Laun. Adieu! - tears exhibit my tongue. Most beautiful pagan, -most sweet Jew! If a Christian do not play the knave, and get thee, I am much deceived: But, adieu! these foolish drops do somewhat drown my manly spirit; adieu! [Erit. Jes. Farewell, good Launcelot. Alack, what heinous sin is it in me, To be asham'd to be my father's child! But though I am a daughter to his blood, I am not to his manners: 0 Lorenzo, If thou keep promise, I shall end this strife; Become a Christian, and thy loving wife.
Enter GRATIANO, LORENZO, SALARINO, and SALANIO.
Lor. Nay, we will slink away in supper-time; Disguise us at my lodging, and return
All in an hour.
Gra. We have not made good preparation.
Salan. 'Tis vile, unless it may be quaintly order'd ; And better, in my mind, not undertook.
Lor. 'Tis now but four o'clock; we have twc hours To furnish us; —
Enter LAUNCELOT, with a letter.
Friend Launcelot, what's the news? Laun. An it shall please you to break up this, it shall seem to signify.
Lor. I know the hand: in faith, 'tis a fair hand; And whiter than the paper it writ on, Is the fair hand that writ.
Love-news, in faith.
Laun. By your leave, sir. Lor. Whither goest thou? Laun. Marry, sir, to bid my old master the Jew to sup to-night with my new master the Christian. Lor. Hold here, take this: - -tell gentle Jessica I will not fail her; - speak it privately; go. — Gentlemen, [Exit LAUNCELOT. Will you prepare you for this masque to-night? I am provided of a torch-bearer.
Salar. Ay, marry, I'll be gone about it straight. Salan. And so will I.
Jes. Call you? What is your will?
Shy. I am bid forth to supper, Jessica;
Shy. The patch is kind enough; but a huge feeder,
Snail-slow in profit, and he sleeps by day
More than the wild cat; drones hive not with me;
Shut doors after you: Fast bind, fast find;
Jes. Farewell; and if my fortune be not crost, I have a father, you a daughter, lost.
Desir'd us to make stand.
Salar. O, ten times faster Venus' pigeons fly
Gra. That ever holds: who riseth from a feast, With that keen appetite that he sits down? Where is the horse that doth untread again His tedious measures with the unbated fire That he did pace them first? All things that are, Are with more spirit chased than enjoy'd. How like a younker, or a prodigal, The scarfed bark puts from her native bay,
There are my keys: - But wherefore should I go? Hugg'd and embraced by the strumpet wind!
I am not bid for love; they flatter me:
Lock up my doors; and when you hear the drum,
There will come a Christian by,
Will be worth a Jewess' eye. [Exit LAUN. Shy. What says that fool of Hagar's offspring, ha? ies. His words were, Farewell, mistress; nothing else.
How like the prodigal doth she return;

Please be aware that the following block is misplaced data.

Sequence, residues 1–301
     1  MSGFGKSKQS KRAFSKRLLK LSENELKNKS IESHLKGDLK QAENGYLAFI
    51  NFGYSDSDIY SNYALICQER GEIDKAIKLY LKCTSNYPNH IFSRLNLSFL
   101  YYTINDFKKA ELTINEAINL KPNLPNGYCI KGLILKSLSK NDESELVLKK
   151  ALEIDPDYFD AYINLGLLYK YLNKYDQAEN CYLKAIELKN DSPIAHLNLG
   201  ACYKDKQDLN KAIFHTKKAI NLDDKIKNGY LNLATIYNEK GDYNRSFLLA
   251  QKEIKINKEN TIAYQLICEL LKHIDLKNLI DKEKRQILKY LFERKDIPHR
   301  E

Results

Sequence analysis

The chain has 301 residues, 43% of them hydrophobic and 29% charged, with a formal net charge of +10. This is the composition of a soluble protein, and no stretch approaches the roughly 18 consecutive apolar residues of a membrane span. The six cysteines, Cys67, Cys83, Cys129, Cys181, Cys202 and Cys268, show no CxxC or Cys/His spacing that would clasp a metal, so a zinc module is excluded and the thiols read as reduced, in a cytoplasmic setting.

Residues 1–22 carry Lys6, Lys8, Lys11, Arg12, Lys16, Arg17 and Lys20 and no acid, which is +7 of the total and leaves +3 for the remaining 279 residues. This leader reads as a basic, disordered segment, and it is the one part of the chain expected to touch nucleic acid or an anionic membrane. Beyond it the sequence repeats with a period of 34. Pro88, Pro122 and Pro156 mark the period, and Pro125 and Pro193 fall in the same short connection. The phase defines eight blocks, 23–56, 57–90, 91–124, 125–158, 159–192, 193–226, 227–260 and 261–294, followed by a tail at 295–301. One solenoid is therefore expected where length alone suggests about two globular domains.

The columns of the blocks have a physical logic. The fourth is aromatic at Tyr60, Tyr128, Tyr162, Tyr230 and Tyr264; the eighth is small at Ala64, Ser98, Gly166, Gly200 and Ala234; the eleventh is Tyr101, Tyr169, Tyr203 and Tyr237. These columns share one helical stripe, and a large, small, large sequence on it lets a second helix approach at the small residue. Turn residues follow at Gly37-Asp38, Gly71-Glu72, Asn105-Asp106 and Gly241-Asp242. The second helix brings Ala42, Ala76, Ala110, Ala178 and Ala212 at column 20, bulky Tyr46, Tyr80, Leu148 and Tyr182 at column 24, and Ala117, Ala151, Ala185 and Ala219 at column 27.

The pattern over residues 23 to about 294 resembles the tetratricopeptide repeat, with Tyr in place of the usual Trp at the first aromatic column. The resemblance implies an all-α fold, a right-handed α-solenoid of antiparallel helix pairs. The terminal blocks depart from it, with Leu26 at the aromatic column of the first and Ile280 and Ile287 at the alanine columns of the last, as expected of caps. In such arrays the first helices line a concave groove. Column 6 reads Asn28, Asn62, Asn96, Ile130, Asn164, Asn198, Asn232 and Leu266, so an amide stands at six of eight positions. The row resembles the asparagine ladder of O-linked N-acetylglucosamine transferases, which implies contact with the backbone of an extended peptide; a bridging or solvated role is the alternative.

Salar. Here comes Lorenzo;- more of this hereafter.
Lor. Sweet friends, your patience for my long abode :
Not I, but my affairs, have made you wait :
Enter JESSICA, above, in boy's clothes. Jes. Who are you? Tell me, for more certainty, Albeit I'll swear that I do know your tongue. Lor. Lorenzo, and thy love.
Jes. Lorenzo, certain; and my love, indeed; For who love I so much? and now who knows, But you, Lorenzo, whether I am yours?
Lor. Heaven, and thy thoughts, are witness that thou art.
Jes. Here, catch this casket; it is worth the pains I am glad 'tis night, you do not look on me, For I am much asham'd of my exchange : But love is blind, and lovers cannot see The pretty follies that themselves commit; For if they could, Cupid himself would blush To see me thus transformed to a boy.
Lor. Descend, for you must be my torch-bearer. Jes. What, must I hold a candle to my shames? They in themselves, good sooth, are too too light. Why, 'tis an office of discovery, love; And I should be obscur'd.
But come at once;
For the close night doth play the run-away,
Jes. I will make fast the doors, and gild myself
Who chooseth me, shall gain what many men desire. The second, silver, which this promise carries; Who chooseth me, shall get as much as he deserves. This third, dull lead, with warning all as blunt; Who chooseth me, must give and hazard all he hath. How shall I know if I do choose the right?
Por. The one of them contains my picture, prince;
If you choose that, then I am yours withal.
Mor. Some god direct my judgment! Let me see,
Who chooseth me, must give and hazard all he hath.
A golden mind stoops not to shows of dross;
If thou be'st rated by thy estimation,
Thou dost deserve enough; and yet enough
As much as I deserve! - Why, that's the lady :
I do in birth deserve her, and in fortunes,
One of these three contains her heavenly picture.
Here do I choose, and thrive I as I may ! Por. There, take it, prince, and if my form lie there,
Then I am yours. [He unlocks the golden casket.
Mor. O hell! what have we here?
A carrion death, within whose empty eye
All that glisters is not gold,
Enter SALARINO and SALANIO.
Salar. Why man, I saw Bassanio under sail; With him is Gratiano gone along;
And in their ship, I am sure, Lorenzo is not.
Who went with him to search Bassanio's ship.
Salan. I never heard a passion so confus'd,